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3 Essential Smart Beta ETFs

Lawrence Meyers

One of the relatively newer sets of exchange-traded funds in the market are known as “smart beta” funds. As opposed to passive indices, where managers simply throw together an index that doesn’t require them to do any actual work, smart beta ETFs are what I refer to is being “pseudo-managed.”

Smart beta ETFs are created by taking a very specific approach to an index, such that it kind of becomes a subset of a particular index. This might be driven by a computer or someone else noticing that certain securities behave in certain ways given certain circumstances. Smart beta ETFs may also derive from some kind of market inefficiency that a computer or fund manager notices.

Smart beta ETFs can be great ideas, or they can be terrible ones. However, if chosen properly, they can add a degree of non-correlation to your overall portfolio. Investing in non-correlated assets is a cornerstone of my investment advisory newsletter, The Liberty Portfolio. Not enough attention is given to non-correlated investments, which are necessary in order to reduce overall volatility in your portfolio. Chances are you don’t have any uncorrelated investments in your portfolio, so taking a look at smart beta ETFs may make sense for you.

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Here is just a sample of three types of interesting smart beta ETFs.


Essential Smart Beta ETFs: Wisdometree Emerging Markets High Dividend ETF (DEM)

Essential Smart Beta ETFs: Wisdometree Emerging Markets High Dividend ETF (DEM)

Expense Ratio: 0.63%, or $63 per $10,000 invested annually

WisdomTree Emerging Markets High Dividend ETF (NYSEARCA:DEM) is a perfect example of using a subset of an index when it comes to smart beta ETFs. WisdomTree takes the MSCI emerging markets index and then whittles it down by taking the top 30% of companies based on annual dividends paid. It then waits them based on the highest dividend yield.

The dividend yield is fairly generous at 3.7%. Even more attractive is the price-to-earnings ratio which is an astonishingly low 10.4. There are 502 stocks in the index, of which the top 10 account for 27% of the asset base. The largest weighted sectors in the fund are financials at 23%, energy at 19% and materials at 13%.

The fund is also very dedicated to its idea of emerging markets. Taiwan, China, Russia, and South Africa combined to form almost 70% of the asset base.


Essential Smart Beta ETFs: Ven Eck Vectors Fallen Angel High Yield Bond ETF (ANGL)

Expense Ratio: 0.35%

Ven Eck Vectors Fallen Angel High Yield Bond ETF (NYSEARCA:ANGL) it is one of the most interesting smart beta ETFs I’ve ever come across. The idea here is the fund purchases high-yield bonds that initially received an investment-grade rating when they were issued.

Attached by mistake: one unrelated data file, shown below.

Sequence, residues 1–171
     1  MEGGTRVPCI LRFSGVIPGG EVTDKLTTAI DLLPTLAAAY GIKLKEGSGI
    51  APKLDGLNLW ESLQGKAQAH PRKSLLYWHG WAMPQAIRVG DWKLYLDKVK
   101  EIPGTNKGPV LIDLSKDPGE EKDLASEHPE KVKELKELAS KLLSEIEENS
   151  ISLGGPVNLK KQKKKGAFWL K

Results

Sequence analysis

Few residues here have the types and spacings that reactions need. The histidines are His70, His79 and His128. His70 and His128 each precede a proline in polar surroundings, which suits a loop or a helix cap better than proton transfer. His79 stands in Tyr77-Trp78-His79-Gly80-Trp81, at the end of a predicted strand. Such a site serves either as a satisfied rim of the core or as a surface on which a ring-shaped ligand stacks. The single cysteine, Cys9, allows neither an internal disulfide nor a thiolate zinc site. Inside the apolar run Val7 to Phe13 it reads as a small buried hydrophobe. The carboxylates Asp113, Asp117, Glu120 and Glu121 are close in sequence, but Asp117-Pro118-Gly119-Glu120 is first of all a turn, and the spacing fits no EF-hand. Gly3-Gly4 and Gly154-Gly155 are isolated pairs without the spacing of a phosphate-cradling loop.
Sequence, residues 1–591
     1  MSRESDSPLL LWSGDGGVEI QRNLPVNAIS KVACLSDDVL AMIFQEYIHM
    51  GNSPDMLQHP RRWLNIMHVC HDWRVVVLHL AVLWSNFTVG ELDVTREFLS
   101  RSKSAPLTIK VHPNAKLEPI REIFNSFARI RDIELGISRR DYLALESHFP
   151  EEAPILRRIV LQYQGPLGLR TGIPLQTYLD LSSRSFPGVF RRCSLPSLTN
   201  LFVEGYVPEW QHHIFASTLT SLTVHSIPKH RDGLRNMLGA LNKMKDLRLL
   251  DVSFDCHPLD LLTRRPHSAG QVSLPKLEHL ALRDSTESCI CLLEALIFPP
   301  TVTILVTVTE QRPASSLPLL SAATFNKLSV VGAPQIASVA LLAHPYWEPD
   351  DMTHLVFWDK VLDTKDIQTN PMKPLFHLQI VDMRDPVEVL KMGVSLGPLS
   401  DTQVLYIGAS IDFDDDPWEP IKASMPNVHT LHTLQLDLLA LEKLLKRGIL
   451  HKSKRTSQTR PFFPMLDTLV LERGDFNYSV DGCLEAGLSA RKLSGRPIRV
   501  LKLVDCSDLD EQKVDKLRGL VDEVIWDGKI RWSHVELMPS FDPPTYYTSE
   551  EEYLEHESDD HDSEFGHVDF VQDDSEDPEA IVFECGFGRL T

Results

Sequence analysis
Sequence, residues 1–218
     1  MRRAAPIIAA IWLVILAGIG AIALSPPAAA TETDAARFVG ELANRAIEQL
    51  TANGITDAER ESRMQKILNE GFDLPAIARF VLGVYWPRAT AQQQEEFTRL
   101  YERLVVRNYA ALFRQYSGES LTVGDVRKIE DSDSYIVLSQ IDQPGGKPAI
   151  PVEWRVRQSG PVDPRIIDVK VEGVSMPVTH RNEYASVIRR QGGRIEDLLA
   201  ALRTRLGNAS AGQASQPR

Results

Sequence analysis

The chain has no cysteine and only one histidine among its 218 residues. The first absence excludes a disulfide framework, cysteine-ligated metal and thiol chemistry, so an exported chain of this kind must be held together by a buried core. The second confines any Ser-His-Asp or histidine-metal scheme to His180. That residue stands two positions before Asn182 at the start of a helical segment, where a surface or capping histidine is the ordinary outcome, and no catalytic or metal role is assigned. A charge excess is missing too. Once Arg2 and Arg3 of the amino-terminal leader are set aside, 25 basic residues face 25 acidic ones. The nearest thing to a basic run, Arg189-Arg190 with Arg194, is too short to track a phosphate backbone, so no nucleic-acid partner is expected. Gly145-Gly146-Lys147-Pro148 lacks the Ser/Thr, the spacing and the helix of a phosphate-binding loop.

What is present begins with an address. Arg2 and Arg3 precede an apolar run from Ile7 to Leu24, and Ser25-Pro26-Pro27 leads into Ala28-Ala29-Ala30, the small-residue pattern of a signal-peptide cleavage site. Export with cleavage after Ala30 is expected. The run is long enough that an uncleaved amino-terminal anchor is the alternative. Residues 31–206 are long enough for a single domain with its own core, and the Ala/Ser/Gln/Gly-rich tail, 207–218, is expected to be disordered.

The managers purchased bonds that they believe will regain their investment grade status at some point. This certainly makes a degree of sense if some of the companies that have issued these bonds are going to see additional liquidity due to the corporate tax cut.

It has a surprisingly low net expense ratio of 0.35%, has a 12-month yield of 5.6%, and has 241 holdings in the fund. The index is rebalanced on a monthly basis. I mentioned that The Liberty Portfolio looks for non-correlated assets, and this is the kind of ETF that I might seriously consider adding to it, because this ETF is only 55% correlated to the S&P 500 index.


Essential Smart Beta ETFs: SPDR S&P Regional Banking ETF (KRE)

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Expense Ratio: 0.35%

The SPDR S&P Regional Banking ETF (NYSEARCA:KRE) is an interesting subset of both the banking sector and the financial services sector. There are 120 holdings in this fund and its 1.4% yield outstrips the 0.35% expense ratio of the fund.

What I find interesting about regional banks is that they tend to have a very devoted and loyal base of customers. Regional banks have so much less reputational risk than any of the majors do. You never hear about fake bank accounts or toxic mortgages at the regional banks. These are smaller institutions, serving a very specific and localized client base. Individuals and businesses are far more likely to want to bank with a “family bank” than one of the big majors if they can do so.

It’s a bit too tightly correlated to the financial services sector and therefore to the overall market, but not unacceptable by any means.

Lawrence Meyers is the CEO of PDL Capital, a specialty lender focusing on consumer finance and is the Manager of The Liberty Portfolio at www.thelibertyportfolio.com. He does not own any stock mentioned. He has 23 years’ experience in the stock market, and has written more than 2,000 articles on investing. Lawrence Meyers can be reached at TheLibertyPortfolio@gmail.com.

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